• That is the one I've heard from Arabs most often, but in WRITTEN Arabic I always see mal2ak and malak. Why is this? By the way, I think the latter word might be avoided by Arabs in writing as it can be confused with "malik" (king).
    What is mal2ak? Can't you type it in Arabic?
    If you're talking about ملائكة it's the plural form. If not, please try to be more clear.

    In Qur’anic orthography مَلْـٴَـكٌ malʼakun.

    malakun is also considered correct. malākun is certainly not correct, at least not in classical Arabic.
    In Qur’anic orthography مَلْـٴَـكٌ malʼakun.
    Actually, there’s no همزة in it in the Quran.

    فَلَمَّا سَمِعَتْ بِمَكْرِهِنَّ أَرْسَلَتْ إِلَيْهِنَّ وَأَعْتَدَتْ لَهُنَّ مُتَّكَأً وَآتَتْ كُلَّ وَاحِدَةٍ مِّنْهُنَّ سِكِّينًا وَقَالَتِ اخْرُجْ عَلَيْهِنَّ ۖ فَلَمَّا رَأَيْنَهُ أَكْبَرْنَهُ وَقَطَّعْنَ أَيْدِيَهُنَّ وَقُلْنَ حَاشَ لِلَّهِ مَا هَٰذَا بَشَرًا إِنْ هَٰذَا إِلَّا مَلَكٌ كَرِيمٌ (31)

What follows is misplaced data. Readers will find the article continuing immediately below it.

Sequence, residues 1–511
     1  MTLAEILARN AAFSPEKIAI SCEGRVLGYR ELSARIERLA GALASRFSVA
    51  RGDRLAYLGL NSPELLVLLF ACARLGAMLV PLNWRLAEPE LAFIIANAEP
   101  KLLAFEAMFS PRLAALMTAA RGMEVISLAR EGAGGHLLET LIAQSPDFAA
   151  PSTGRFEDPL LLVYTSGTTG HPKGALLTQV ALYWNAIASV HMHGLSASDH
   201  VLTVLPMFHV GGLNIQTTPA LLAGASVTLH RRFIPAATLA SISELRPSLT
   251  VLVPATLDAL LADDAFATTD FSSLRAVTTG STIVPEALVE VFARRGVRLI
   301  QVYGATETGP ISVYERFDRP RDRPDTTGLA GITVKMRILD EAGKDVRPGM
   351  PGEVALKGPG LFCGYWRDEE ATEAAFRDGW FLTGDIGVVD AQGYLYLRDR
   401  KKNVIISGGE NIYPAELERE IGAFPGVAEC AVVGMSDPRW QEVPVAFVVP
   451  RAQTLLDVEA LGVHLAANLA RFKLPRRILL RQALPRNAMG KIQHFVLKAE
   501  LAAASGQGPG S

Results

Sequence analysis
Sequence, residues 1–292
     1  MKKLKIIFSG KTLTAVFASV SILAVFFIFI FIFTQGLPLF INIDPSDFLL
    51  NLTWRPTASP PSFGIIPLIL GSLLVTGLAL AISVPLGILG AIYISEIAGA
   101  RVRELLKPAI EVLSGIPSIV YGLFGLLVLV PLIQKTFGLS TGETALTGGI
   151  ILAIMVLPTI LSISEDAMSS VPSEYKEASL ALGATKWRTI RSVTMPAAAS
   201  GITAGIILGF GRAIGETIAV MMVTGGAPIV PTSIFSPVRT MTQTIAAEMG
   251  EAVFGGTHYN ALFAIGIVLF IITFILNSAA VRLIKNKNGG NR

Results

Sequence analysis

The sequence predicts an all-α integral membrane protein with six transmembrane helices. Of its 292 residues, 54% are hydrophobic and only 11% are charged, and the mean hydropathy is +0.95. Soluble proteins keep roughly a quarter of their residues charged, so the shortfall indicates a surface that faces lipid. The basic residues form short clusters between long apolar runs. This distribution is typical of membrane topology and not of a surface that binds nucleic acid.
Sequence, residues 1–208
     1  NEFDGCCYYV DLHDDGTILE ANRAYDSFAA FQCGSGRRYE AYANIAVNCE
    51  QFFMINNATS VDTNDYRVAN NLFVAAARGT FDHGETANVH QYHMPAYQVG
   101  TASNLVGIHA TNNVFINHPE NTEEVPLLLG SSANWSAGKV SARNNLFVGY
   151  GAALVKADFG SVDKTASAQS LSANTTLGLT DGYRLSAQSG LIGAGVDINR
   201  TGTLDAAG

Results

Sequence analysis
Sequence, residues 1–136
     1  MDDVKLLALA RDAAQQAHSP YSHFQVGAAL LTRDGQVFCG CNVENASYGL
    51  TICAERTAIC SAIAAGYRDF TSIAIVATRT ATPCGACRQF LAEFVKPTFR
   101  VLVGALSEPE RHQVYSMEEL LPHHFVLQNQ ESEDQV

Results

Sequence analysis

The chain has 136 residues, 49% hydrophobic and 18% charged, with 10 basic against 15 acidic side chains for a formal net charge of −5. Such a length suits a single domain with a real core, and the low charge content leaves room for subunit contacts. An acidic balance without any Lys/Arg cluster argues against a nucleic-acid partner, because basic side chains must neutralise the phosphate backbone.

How could you be sure of that? It’s listed in dictionaries, including classical ones like لسان العرب, so why are you so sure it’s incorrect in CA?

    Is it? I couldn't find it in the Lisaan. It says ملَك comes from ملأك though, and I can see how ملأك can also turn into ملاك in the vernaculars.
    That’s what I assumed. However, I highly doubt that modern vernacular came from ملأك directly, there must have been at least one Classical dialect that the modern vernacular took it from, or am I missing something?
    If you mean there were FaSiiH dialects that did not use a hamza (and so had ملاك already) then yes I agree that’s probably the case.
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    Not a single dictionary of Classical Arabic has مَلاك. They only have مَلَك and مَلْأَك. Maybe مَلاك is specific to dialects or some other variety of Arabic?
    I believe that at least theoretically, مَلاك could have existed in classical Arabic, for there is a rule of الصرف (morphology) that states that a همزة can turn into an ألف when preceded by a فتحة. Thus, we have يَسَلُ for يَسْأَلُ “he asks”.